Management system certification signals that the organization meets international standards, which provides a certain confidence in the company. This confidence is in particular needed for exporting companies in developing countries. Because the business world is dominated by men, female leadership might be another reason to have less confidence in a company. Women-led companies may therefore benefit more from certification. Therefore, this study empirically tests the impact of certification on export, and the moderating effect of female leadership. We use data from enterprise surveys conducted by the World Bank in 2013 that include 4111 firms from 25 Central and Eastern European countries in transition. We implement a recursive bivariate probit model and an extensive sensitivity analysis to account for endogeneity issues. Results confirm that certification and export are positively correlated. Firms managed by females benefit more from certification based on international standards than firms managed by men, especially in the service sector. This suggests that certification compensates for the possibly negative connotations of female leadership. Female managers may consider implementing a management system and get it certified, resulting in a competitive advantage in export markets. Our findings provide food for thought for purchase managers–are they free from prejudice?.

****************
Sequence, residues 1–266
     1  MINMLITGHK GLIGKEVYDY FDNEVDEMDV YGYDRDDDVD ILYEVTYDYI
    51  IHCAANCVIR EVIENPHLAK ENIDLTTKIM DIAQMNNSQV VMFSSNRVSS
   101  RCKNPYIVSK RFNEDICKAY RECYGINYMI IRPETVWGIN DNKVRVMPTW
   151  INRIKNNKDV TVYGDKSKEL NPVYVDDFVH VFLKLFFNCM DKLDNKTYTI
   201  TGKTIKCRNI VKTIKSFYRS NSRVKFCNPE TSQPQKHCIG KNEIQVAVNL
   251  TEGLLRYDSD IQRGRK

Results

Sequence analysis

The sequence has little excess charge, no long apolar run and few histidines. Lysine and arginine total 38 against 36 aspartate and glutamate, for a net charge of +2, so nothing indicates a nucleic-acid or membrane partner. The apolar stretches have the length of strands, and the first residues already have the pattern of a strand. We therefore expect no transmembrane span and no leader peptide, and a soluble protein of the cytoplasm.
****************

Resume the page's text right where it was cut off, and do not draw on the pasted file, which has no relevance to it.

|Number of pages||18|
|Publication status||Published - 2022|
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- gender prejudice
- Management system certification
- World Bank enterprise survey